The web page of the Center's site includes a striking montage image. A generic graphic of a mobile phone is combined with a picture of a lady. She is not presented as being on the screen. She remains in reality looking out from the phone, leaning with her arms folded on the bottom edge of the screen as though it were a windowsill. She seems pleased, delighting in the view. And she is bathed in sunshine.
Possibly it makes sense to use these brighter evenings for something aside from taking a look at pixels? And when bedtime methods, matching sundown with a digital sundown: everything turned off, leaving just a land-line with a number known only to household and friends, and a dedicated alarm clock.
Signing up with those who have actually dumped their smart devices entirely, integrating a basic phone with a laptop computer or tablet (much much better for typing on). Nowadays these concepts may sound nearly extreme, but as far as biology is concerned, they're exactly what your brain wants. The medical side-effects of tech over-use.
Since of the obvious decrease in traffic mishaps, Daylight Saving Time is said to increase life span of a nation's people. Ditto banning phone use while driving, obviously (with a much clearer causal link). Phones are unsafe in other methods, too: scrollers walking into traffic, selfie trophy-hunters taking one threat too numerous, etc. However over-use of tech diminishes our lives in another way also-- incrementally and inevitably. It offers us a narrower existence in which we are less focussed, less rested and hence less awake. Over-use eats our lives, and it's becoming the norm.
Time for a rethink?
Do you discover that wherever you go, you always wind up in the very same location: in front of your smart device? Using it, or letting it use you, to stay 'linked'? Linked with what individuals are up to back home. Connected with the most current report. Gotten in touch with work. Gotten in touch with games, YouTube videos, Wikipedia. Gotten in touch with images from the last holiday you took, and the one before that. What type of 'connection' is that, truly? This situation is something that's crept up on us, and possibly it's time to start making some decisions ...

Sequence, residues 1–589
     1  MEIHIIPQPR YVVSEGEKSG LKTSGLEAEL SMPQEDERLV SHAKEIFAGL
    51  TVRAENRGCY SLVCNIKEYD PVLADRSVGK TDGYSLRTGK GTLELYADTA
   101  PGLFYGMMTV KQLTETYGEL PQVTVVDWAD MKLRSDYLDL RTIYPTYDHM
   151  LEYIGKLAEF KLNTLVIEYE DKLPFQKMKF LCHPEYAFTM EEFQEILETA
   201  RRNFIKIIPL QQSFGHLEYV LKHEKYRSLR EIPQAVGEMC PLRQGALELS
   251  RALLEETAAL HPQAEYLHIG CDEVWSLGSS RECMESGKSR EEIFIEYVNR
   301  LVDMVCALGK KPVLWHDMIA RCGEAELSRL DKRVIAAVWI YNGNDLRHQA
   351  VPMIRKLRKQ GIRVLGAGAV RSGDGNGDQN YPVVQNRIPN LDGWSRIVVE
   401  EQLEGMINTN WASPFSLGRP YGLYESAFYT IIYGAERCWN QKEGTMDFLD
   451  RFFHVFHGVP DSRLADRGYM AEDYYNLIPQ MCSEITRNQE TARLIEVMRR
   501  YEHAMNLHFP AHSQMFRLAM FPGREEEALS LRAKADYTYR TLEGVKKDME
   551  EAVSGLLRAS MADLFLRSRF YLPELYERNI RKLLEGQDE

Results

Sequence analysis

A vacation is an opportunity to turn off, to experience brand-new things. If we don't also switch off our devices, if we continue to outsource our awareness to image sensors and memory cards, if we're still connected to exactly what we were doing before we left and exactly what we'll be doing when we get back, it's as if we're paying a kind of vacation tax. Part of the experience is subtracted-- and not to help the regional economy, however to help line the pockets of investors of social networks companies.
Think of a traditional travelogue like Jack Kerouac's On the Road, minus this tax. There wouldn't be much left. And even if we're searching for something a bit less extreme for our fortnight away, the principle still applies. Whether it's a case of pings on the beach, or livestreaming from the Louvre, something's gained however something's lost. And on the topic of getting lost, yes, without a smartphone it might occur. And perhaps you'll end up someplace that turns out to be the emphasize of your trip. Possibly you'll find some intriguing restaurant that isn't really on tripadvisor.com. You may end up speaking with some locals. Nothing ventured, absolutely nothing gained. This connect the growing slow travelmovement, and the reclaiming of overland travel as a mainstream and practical alternative to flying, demonstrated by the underground success of The Man in Seat Sixty-One. It's everything about being there.
If we do decide to have a vacation that doesn't focus on processing big data, there are a couple of alternatives. We can go to the other extreme, and leave house without any kind of phone or tablet. (That never ever used to be a severe, but we live in severe times.) And we have choices like altering our device's settings to 'minimum', leaving it in the hotel safe during the day, and so on
. Or we can take a different phone. One that just does calls and texts. And after that immerse ourselves in a different culture, have some experiences, or simply take pleasure in a little bit of solitude.
The physical act of Why not give this a try? switching phones goes deep. It's a bit like flying the nest. And it's starting to get in popularity: whether a cheap, old-tech design or something more stylish and updated, opting to often use an easy phone is something that everyone can associate with nowadays. They may refrain from doing it themselves, however they certainly understand why some people do.
There are useful advantages, too. Only needing to charge your phone occasionally is popular with everyone however if you're going somewhere without mains electricity, your greedy mobile phone will be no usage at all. Also, with an easy phone you do not have to keep inspecting that your digital factotum hasn't cunningly found some way of running up monster-sized information roaming charges-- it can still happen. It's the 'actually being there' that really counts. Sure, travelling without a smartphone will indicate a couple of mix-ups, a lowered ability to plan, to understand beforehand exactly what's going to take place. However taking a trip sans algorithms is where the action is. And the screens on easy phones are frequently much tougher than the big areas of glass discovered on their more complicated cousins. Replacing a damaged smart device screen is an inconvenience at the best of times; multiply that by 10 if you're abroad.
It's the 'really being there' that truly counts. Sure, travelling without a smartphone will indicate a couple of mix-ups, a lowered ability to strategy, to know ahead of time exactly what's going to take place. But travelling sans algorithms is where the action is.